I know. People see this, and they see hopelessness. Where the unenlightened see a basket case, I see great potential. It was rare when it was new, and even more so now - not in terms of money, but in terms of....try and find another one. And so as to show that I put my money where my mouth is, here are some pics of one of my proudest (just ONE of them that is) saves, from this same junkyard. Roaming around one day I glimpsed the unmistakable lines of a 69 Ford Mustang Mach I fastback. No engine. No transmission. No rear axle. No front end assembly. And NO WAY OUT. Parked since 1978 trees and other cars surrounded it. Here is what it looked like when I found it:
It was the words of a nay sayer that fueled my saving this car, after I showed him those pictures above. A local firefighter, he looked at them and said this, which I shall never forget "It's a ghost, a shell, it's nothing. You'll never get it out of there". ORLY? I worked my ASS off on this car. Mike at Mike's Car Care in Westmoreland, NH - a fellow Mustang restorer, was kind enough to give me a rear axle after I showed him the pictures. I then surfed ebay and bought the front assembly and drum brakes on ebay out of a parts car in Texas for $1 (but $99 shipping, ouch...it was heavy). Also on ebay, I bought an engine and transmission in New Jersey and went down with a trailer and hauled it back. I hand carried that heavy axle through the woods and amongst mosquitos, snakes and mice, I jacked up the car, and precariously installed the axle with new u bolts. I then installed the front end assembly and drums, found some Ford rims (including one that it was resting on), and put the tires on. I slowwwwwwwly lowered the jack, tightening my jaw with every half inch as the shocks and springs creaked after having been asleep in the weight department for so many years. But alas, for the first time since 1978, the muscle car was standing proud, although I expected the rear springs to go right through the trunk. I chopped trees down, and using a tractor, skidded them out of the way and gingerly moved 10 other cars and other assorted antique metals out of the way. Like the nut I am, I even washed it during a rain storm out in the woods, and later WAXED it (at the least the parts that could be waxed lol). I hired a flatbed and hauled it home - and wow, did it get a lot of looks. It looked amazing. It had been a long time since the hood of that car felt the whip of wind rush over it's deck, or hear the sounds of traffic and life. I remember at a traffic light in Springfield, some little kids were on the sidewalk and I heard one of them say "WHOAOOO....look at that car!".......only to be followed with, "what happened to it?" LOL. Little kids...lol. Anyhow, at home, I installed the engine and transmission, bought a used carburetor online, a makeshift gas can and fuel line and BOOM....she fired up and ran. Yeah it's a wreck, yeah just about everything on it looks shot, but unless you have done this, I cannot explain how great it feels in terms of accomplishment. A ghost? A shell? Nothing? Nahhhhhh.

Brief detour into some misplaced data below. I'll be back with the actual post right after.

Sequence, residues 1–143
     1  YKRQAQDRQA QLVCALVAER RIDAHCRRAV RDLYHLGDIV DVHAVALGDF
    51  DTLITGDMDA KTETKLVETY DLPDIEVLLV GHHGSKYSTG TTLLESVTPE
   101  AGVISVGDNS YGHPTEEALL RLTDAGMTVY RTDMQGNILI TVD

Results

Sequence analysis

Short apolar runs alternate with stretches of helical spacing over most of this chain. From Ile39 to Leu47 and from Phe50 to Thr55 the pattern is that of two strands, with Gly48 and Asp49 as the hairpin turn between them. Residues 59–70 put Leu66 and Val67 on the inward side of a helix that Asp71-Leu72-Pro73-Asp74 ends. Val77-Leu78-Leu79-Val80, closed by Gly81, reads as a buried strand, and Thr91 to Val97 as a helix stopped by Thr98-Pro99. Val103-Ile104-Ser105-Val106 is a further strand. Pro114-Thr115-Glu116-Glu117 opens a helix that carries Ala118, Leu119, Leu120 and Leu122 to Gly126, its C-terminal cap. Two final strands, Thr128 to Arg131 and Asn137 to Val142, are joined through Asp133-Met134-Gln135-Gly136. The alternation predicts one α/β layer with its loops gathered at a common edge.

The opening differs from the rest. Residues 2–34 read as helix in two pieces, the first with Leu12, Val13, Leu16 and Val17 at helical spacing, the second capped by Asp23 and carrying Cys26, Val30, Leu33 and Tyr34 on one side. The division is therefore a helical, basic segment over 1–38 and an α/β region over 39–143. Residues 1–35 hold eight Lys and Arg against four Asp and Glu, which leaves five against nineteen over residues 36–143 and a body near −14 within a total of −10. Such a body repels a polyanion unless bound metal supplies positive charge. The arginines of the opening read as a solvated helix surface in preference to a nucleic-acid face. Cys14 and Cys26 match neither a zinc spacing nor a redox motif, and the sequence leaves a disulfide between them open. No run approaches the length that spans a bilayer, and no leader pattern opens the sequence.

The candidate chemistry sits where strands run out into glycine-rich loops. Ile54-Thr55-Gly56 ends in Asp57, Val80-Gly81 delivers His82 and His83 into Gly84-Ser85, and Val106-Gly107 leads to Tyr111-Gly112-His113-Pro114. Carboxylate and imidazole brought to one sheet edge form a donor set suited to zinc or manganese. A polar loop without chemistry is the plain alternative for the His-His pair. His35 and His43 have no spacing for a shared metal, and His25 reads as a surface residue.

Slowly, I bought other little parts, snarfed some here and there off another red 69 Mustang in the junkyard that was utterly destroyed, and had fun just messing around with it. I did my best with the interior and everything worked in it as it should. I even like the front end all snarling (although I did manage to get a front bumper for it off the red car). I even dug through what is called "Pope" books at DMV Headquarters (pre-computer records), and learned it's last owner lived on Hyde Street in Bellows Falls, VT. Either way, this car was only on the road for 9 years.....and DAMN....it must have been street racing the minute it left the dealership. Poor thing. I installed a 351 in it, installed dual glass packs on it, and whooooo - what a snapper. It basically made this sound when you started it up: GLUG GLUG GLUG GLUG GLUG. Beautiful. Just BEAUTIFUL.
A lot of people give me jabs for some of these little nuances of mine, but what they fail to understand, is - I don't care. It fuels me. I'm proud of my relationship with shitbox cars. It's what I love to do. Do I restore them to period correct? Nope. Do people actually dare whine about that sometimes? Yep. Are many of them really beyond a running parts car? Yes - but it's a personal relationship. I hate it when people start picking apart things wrong and adding up the calculator. Seriously, if it wasn't for me, this Mustang would have been thrown in that crusher eventually too. You see, I'm just the first cog in the wheel for that road called "fixing up". I'm the EMT in the process. I just give them a little TLC, elbow grease and life, which is exactly what I get from doing it in return. I've done this with countless station wagons, cop cars, you name it. I always find them good homes for that next step, whether it be a restoration or just someone who wants to put it in a garage and listen to the radio in it at night. Did I mention I usually do this for free? It's all good either way. You treat your car right, it will always treat you right, right back.
I am.......the car whisperer.
This section of the site is not specific to my taxi travels. They are not really rants either. It is more of a space for me to simply raise awareness to topics that either inspire or frustrate me as an individual.